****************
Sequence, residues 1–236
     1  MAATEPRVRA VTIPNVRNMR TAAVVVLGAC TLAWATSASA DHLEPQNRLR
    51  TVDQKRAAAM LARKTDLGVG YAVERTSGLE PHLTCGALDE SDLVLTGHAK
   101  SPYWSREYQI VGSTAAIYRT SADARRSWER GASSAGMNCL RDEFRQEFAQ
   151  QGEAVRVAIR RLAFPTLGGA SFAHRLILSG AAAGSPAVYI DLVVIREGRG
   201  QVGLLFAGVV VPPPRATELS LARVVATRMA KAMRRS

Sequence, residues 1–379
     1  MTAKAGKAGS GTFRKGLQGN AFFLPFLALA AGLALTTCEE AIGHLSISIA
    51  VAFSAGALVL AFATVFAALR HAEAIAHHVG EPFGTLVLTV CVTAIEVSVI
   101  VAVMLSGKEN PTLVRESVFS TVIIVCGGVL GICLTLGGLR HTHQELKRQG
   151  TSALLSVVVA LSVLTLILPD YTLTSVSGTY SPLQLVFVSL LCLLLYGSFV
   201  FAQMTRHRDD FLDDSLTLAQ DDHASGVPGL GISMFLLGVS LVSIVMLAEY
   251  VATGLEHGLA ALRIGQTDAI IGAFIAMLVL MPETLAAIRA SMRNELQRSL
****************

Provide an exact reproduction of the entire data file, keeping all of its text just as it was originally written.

Sequence, residues 1–236
     1  MAATEPRVRA VTIPNVRNMR TAAVVVLGAC TLAWATSASA DHLEPQNRLR
    51  TVDQKRAAAM LARKTDLGVG YAVERTSGLE PHLTCGALDE SDLVLTGHAK
   101  SPYWSREYQI VGSTAAIYRT SADARRSWER GASSAGMNCL RDEFRQEFAQ
   151  QGEAVRVAIR RLAFPTLGGA SFAHRLILSG AAAGSPAVYI DLVVIREGRG
   201  QVGLLFAGVV VPPPRATELS LARVVATRMA KAMRRS

Sequence, residues 1–379
     1  MTAKAGKAGS GTFRKGLQGN AFFLPFLALA AGLALTTCEE AIGHLSISIA
    51  VAFSAGALVL AFATVFAALR HAEAIAHHVG EPFGTLVLTV CVTAIEVSVI
   101  VAVMLSGKEN PTLVRESVFS TVIIVCGGVL GICLTLGGLR HTHQELKRQG
   151  TSALLSVVVA LSVLTLILPD YTLTSVSGTY SPLQLVFVSL LCLLLYGSFV
   201  FAQMTRHRDD FLDDSLTLAQ DDHASGVPGL GISMFLLGVS LVSIVMLAEY
   251  VATGLEHGLA ALRIGQTDAI IGAFIAMLVL MPETLAAIRA SMRNELQRSL